Mediation is an alternative to the traditional litigation or adversarial method of resolving Matrimonial and Family Law disputes.
But what is mediation? Mediation is the voluntary process in which the parties to a dispute make decisions together based on their understanding of their own views, each other’s views, and the various realities that they each face. Within the mediation model confidentiality is maintained as the mediator, acting in a non-coercive manner and while maintaining neutrality, endeavors to have the parties communicate and explore their options in a non-adversarial manner. The mediator helps both parties identify issues, clarify the various perceptions and explore potential options toward resolving the conflict. Often during the mediation process, since neither party is focused solely on winning but rather on trying to find reasonable solutions, the result is that both parties gain more than they thought possible since the process has created a larger pie to be divided between the parties than would have been possible if they were both trying to “win.” An example would be the parties realizing that if they cooperated they could use the various tax code provisions to reduce the taxes they collectively would owe resulting in more money available to them to divide or use for their families. It is important to remember that a key component of mediation is that it is voluntary. The free flow of ideas and the balancing of power within the relationships of the parties can only occur if the parties partake in the process freely knowing that either is free to stop the process at any time and is free to return to the traditional adversarial system.
How can a person use mediation? It really is available at every stage of a Matrimonial or Family Law dispute. A party can ask the court if it offers mediation services. A party can ask their attorney if they know of a mediator who could help resolve the matter or the parties can approach a mediator together seeking out his or her services.
Does the use of mediation preclude the use of lawyers for each party? The quick answer is no. While the use of mediation could result in the reduction of legal fees, mediation does not require the absence of lawyers. In fact, lawyers still play vital albeit a different role in mediation. First, any agreement produced as a result of mediation should be reviewed by the individual parties’ lawyers to assure that all issues have been addressed and that the legal rights of the parties have been protected. Second, the lawyers will play a role during the meditation process to assure that the parties understand their rights and their responsibilities as well as the law itself. This will speed up the mediation process. Of course the lawyers will also provide legal counsel and advice throughout the process.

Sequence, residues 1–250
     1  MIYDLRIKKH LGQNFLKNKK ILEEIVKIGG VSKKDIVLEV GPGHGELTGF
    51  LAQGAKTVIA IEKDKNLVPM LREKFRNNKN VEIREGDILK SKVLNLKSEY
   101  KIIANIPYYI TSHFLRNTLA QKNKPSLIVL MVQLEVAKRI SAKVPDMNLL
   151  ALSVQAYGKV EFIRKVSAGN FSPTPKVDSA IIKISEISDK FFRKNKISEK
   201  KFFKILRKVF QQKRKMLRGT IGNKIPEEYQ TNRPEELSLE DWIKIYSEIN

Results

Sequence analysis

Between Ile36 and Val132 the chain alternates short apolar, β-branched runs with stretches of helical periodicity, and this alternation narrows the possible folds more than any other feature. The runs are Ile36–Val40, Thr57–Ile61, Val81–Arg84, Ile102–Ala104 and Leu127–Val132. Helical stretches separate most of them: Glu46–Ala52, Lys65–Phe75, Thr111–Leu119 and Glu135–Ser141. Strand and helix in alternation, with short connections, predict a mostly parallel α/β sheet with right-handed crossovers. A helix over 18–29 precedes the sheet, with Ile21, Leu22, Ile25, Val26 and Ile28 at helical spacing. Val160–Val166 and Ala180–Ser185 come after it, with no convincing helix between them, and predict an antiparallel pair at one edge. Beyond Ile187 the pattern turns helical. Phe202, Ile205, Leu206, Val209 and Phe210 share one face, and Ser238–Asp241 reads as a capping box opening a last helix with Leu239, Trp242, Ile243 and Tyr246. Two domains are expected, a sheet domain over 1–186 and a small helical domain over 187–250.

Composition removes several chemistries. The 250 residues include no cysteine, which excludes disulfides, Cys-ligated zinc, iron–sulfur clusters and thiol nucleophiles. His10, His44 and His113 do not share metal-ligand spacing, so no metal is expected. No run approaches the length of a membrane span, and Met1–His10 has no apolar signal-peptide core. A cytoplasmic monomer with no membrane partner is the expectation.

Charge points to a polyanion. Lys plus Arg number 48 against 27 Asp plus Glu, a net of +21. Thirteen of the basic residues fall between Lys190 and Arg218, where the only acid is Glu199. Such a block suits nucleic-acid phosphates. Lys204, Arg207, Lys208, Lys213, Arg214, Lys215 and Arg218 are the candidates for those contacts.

Does mediation reduce litigation costs (both time and money)? First, the parties, by working together, will often have less need to engage in fights over smaller issues since they see the bigger picture more easily. Second, since mediation is based upon the free flow of ideas and the necessity of each party understanding the other’s position there must be a free flow of information concerning each party’s finances and other facets of their positions. Accordingly there should be fewer disputes over discovery since all the cards must be placed upon the table in mediation for the process to work. Third, there is less time and energy spent on motion practice and trying to force the other side into submission in mediation since under such circumstances the process will just not work. Fourth, and this is especially important when there are children involved, under the mediation model there is less animosity developed or stoked during the process. This should also result in less time spent on lawyers going to court to fight. A further benefit of mediation, also especially when there are children at issue, is that the parties do not spend time trying to attack the other parent, who will still be the children’s parent after the acute issues are resolved. Thus, relationships with children can more readily be preserved. Finally, since by using the mediation model the parties have control over the process the process itself tends to go quicker. However, there is no guarantee that mediation will result in less expense in any given matter. The number of issues, the contentiousness of the parties, the willingness of the parties to work, both at mediation sessions and in between all are factors which will impact on the cost of the process.
Mediation is not the be all and end all for all cases. It must be remembered that mediation is not good for all family or matrimonial matters. If animosity is too intense between the parties the mediation process will be hindered. Also, both parties must want to mediate. It is after all a voluntary process. It can however, in the right case, provide parties with an efficient means to resolve their differences with a more satisfying result for them and their children.